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Gichuru, Okemo’s hidden millions seized

By DAVID HERBLING February 26th, 2016 2 min read

Jersey authorities have seized the entire stash of cash that former Kenya Power managing director Samuel Gichuru and ex-Energy minister Chris Okemo hid in the island, even  as they vowed to continue pushing for extradition of the duo to face money laundering, fraud and misconduct charges.

The Royal Court of Jersey on Wednesday made a confiscation order to seize the £3.28 million and $540,330.69 (totalling Sh520 million) held in the offshore account of Windward Trading Limited – the entity Mr Gichuru used to receive kickbacks in exchange for the award of lucrative tenders to foreign firms during his two-decade tenure at the helm of Kenya Power.

Jersey’s Attorney General Robert MacRae said the decision had the effect of “stripping the company of all its assets,” leaving his office to focus on the ongoing effort to bring Mr Gichuru and Mr Okemo to justice.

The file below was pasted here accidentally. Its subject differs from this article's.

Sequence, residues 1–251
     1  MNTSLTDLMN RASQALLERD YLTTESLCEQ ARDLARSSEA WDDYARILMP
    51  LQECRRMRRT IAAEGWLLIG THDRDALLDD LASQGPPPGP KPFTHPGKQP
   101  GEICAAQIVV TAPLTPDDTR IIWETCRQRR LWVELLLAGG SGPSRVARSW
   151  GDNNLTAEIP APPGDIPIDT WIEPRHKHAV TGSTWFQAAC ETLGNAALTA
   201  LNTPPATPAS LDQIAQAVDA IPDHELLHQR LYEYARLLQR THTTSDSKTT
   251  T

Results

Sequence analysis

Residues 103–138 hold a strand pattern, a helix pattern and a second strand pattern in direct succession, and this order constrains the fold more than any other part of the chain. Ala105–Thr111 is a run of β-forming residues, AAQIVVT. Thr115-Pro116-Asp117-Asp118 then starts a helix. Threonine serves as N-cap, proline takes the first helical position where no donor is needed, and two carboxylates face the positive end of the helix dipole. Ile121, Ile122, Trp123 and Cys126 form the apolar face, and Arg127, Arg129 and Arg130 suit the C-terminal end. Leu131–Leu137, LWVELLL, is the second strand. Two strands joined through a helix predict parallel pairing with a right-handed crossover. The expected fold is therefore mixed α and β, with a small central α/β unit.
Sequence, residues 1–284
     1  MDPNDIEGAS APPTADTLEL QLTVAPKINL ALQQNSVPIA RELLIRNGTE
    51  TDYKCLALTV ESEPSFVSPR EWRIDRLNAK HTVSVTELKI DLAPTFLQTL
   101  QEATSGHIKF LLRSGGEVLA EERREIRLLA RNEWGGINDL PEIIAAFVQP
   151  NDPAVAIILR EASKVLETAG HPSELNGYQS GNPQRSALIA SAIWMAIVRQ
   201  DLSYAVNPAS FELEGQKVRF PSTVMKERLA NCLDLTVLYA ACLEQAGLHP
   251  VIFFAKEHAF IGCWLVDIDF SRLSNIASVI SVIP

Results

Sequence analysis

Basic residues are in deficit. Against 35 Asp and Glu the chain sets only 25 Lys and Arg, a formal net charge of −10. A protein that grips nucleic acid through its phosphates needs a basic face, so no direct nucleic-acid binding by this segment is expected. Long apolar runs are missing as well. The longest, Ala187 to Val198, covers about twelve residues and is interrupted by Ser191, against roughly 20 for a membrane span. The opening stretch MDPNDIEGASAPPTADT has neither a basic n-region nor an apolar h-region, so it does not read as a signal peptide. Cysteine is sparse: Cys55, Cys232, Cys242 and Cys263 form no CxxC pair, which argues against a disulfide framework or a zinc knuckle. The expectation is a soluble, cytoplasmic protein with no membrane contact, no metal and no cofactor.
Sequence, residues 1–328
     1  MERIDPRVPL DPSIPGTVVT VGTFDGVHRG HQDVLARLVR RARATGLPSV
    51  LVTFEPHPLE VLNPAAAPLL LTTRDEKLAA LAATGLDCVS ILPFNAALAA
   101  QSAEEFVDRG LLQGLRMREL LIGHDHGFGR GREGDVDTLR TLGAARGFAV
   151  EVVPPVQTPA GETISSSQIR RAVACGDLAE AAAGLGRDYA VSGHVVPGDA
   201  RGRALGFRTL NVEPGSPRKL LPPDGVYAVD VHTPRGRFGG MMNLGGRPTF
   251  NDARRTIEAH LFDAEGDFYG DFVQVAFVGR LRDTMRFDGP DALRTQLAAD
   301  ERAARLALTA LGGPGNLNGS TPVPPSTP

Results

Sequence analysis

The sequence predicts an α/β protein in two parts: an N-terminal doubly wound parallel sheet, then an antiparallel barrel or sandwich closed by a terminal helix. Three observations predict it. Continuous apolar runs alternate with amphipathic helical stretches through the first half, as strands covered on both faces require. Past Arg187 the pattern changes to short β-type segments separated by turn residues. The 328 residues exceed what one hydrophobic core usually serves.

“This is a very important case, demonstrating Jersey’s commitment to combatting money-laundering and tackling international corruption,” said Mr MacRae shortly after the court made the asset recovery order.


“The confiscation order provides an indication as to the scale of the criminal conduct that took place.”

The Attorney- General expressed optimism that Kenyan authorities would conclude the ongoing extradition proceedings so that Gichuru and Okemo are handed over “to face money laundering charges in connection with Windward’s activities.”

Mr Gichuru’s systematic bribery scheme involved energy companies from a dozen countries, forcing Jersey authorities to seek mutual legal assistance from 12 governments in pursuit of the stolen wealth.

Mr Gichuru and Mr Okemo face 53 counts linked to “commissions” paid by companies to win Kenya Power tenders and hidden in a Jersey account in foreign currencies: £4.45 million; $3.2 million and kr790,000; (totalling Sh1.01 billion at current exchange rates), according to Jersey court papers.

The duo kept withdrawing handsome amounts from the Jersey account until 2003 when administrators of the slush fund refused to wire payments to Gichuru fearing punitive consequences from the Kibaki regime, which had hired Kroll Associates to track and repatriate funds stolen and stashed abroad under the Kanu regime.

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